Table 3.

How we would monitor patient 2

Discussion of patient 2

Thyroid abnormalities are well-described after BMT38-43 and include compensated hypothyroidism (elevated TSH accompanied with normal FT4 levels) and overt hypothyroidism (elevated TSH and low FT4). Approximately 30% of patients develop overt hypothyroidism over a 28-year follow-up period.41 Hypothyroidism is related to radiation to the thyroid gland (neck/mediastinal radiation or TBI); younger age at exposure increases the risk.42,43 Symptoms include fatigue, weight gain, constipation, dry skin, and menstrual irregularities. Screening for thyroid dysfunction relies on a good history and physical examination and annual thyroid function tests (TSH, FT4). Survivors with abnormalities on screening evaluation should be referred to an endocrinologist for hormone replacement therapy, which may be dependent upon whether the hypothyroidism is compensated or overt44 because some cases of compensated hypothyroidism resolve spontaneously over time.45 The risk of dyslipidemia is increased in patients with hypothyroidism, necessitating appropriate management of the thyroid condition to treat dyslipidemia.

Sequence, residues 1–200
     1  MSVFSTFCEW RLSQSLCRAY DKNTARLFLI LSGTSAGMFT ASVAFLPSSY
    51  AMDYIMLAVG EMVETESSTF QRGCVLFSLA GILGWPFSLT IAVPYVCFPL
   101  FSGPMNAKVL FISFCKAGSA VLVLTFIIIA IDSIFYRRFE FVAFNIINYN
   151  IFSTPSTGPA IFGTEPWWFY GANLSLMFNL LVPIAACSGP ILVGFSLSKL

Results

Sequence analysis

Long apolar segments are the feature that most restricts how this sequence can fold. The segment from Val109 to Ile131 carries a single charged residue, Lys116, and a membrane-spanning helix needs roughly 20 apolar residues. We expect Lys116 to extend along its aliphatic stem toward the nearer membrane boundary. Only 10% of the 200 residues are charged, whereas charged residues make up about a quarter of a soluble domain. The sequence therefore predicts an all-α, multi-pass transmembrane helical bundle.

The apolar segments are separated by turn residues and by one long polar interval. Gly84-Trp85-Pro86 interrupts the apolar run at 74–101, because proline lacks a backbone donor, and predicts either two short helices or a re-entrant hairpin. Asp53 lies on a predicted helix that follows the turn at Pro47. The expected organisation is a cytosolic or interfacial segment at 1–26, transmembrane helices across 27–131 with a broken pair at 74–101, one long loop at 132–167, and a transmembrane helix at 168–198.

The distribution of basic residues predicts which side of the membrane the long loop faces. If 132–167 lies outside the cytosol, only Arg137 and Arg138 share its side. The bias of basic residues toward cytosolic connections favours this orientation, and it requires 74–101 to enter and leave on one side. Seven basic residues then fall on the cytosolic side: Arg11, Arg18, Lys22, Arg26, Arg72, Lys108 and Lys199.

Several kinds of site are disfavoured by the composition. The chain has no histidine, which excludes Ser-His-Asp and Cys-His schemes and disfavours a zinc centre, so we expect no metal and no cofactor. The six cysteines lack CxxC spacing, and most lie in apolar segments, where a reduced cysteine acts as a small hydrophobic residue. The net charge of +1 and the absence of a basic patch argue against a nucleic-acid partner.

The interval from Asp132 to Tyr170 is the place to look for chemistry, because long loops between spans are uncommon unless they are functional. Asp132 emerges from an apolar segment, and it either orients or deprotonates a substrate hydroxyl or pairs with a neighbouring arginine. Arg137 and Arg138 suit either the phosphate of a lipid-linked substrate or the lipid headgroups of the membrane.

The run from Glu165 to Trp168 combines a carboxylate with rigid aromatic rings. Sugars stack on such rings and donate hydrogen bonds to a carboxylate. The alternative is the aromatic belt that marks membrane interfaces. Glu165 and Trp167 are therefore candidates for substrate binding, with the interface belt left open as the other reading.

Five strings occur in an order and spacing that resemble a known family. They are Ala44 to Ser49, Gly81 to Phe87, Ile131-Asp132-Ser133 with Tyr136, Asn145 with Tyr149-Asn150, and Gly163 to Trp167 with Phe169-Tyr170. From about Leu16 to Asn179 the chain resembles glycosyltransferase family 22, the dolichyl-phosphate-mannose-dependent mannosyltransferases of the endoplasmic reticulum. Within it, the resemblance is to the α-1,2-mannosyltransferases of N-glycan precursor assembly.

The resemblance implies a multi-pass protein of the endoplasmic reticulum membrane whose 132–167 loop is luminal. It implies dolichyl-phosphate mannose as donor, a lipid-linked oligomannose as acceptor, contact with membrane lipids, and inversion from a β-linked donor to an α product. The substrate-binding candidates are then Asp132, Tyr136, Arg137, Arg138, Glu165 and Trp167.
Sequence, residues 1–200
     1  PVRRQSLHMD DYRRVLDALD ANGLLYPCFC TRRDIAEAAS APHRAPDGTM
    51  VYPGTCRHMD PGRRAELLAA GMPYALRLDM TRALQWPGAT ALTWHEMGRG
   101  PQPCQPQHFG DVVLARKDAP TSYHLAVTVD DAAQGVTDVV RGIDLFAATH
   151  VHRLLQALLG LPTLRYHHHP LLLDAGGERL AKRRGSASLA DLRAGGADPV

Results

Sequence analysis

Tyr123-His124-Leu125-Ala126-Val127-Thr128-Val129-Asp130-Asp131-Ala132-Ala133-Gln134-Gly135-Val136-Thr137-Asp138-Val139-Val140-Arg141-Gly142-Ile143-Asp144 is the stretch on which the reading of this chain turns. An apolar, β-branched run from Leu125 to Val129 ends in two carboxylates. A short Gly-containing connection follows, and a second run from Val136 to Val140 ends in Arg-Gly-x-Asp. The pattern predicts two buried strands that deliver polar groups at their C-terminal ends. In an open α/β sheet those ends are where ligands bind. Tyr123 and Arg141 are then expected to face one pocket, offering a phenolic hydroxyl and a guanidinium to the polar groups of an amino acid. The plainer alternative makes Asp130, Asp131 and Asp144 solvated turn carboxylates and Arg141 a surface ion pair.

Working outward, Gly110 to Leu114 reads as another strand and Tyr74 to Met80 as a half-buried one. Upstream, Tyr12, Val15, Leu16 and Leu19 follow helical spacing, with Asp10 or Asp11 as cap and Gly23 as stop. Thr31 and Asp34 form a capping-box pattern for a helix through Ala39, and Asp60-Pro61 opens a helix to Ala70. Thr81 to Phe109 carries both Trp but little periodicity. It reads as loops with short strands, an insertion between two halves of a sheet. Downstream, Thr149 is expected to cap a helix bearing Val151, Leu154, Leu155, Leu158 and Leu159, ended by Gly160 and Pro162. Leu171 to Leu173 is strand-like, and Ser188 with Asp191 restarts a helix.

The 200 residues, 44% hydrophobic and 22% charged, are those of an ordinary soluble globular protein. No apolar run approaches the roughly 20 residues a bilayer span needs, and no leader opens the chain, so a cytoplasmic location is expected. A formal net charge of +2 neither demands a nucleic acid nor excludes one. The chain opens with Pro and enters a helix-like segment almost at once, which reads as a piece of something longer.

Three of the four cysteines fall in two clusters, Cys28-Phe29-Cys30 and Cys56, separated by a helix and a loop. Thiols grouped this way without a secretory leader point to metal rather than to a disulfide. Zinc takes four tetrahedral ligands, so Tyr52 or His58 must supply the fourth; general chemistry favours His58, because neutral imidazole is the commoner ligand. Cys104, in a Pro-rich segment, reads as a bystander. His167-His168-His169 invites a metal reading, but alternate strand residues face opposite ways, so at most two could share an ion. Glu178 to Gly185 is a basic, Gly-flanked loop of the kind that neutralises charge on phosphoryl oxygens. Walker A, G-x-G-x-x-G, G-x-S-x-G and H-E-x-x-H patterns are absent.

Monitoring for additional potential late complications

Additional therapeutic exposures place patient 2 at risk for anthracycline-related cardiomyopathy; cardiovascular risk factors (TBI, corticosteroids, calcineurin inhibitors); pulmonary toxicity (TBI); renal toxicity (TBI, calcineurin inhibitors); osteonecrosis (TBI, corticosteroids, calcineurin inhibitors); t-MN (cyclophosphamide, daunorubicin, idarubicin); and radiation-related solid tumors (TBI). She is also at risk for gonadal dysfunction (cyclophosphamide, TBI), osteoporosis (corticosteroids, calcineurin inhibitors), neurocognitive dysfunction (TBI, high-dose cytarabine), and cataracts (corticosteroids, TBI).

Gonadal dysfunction.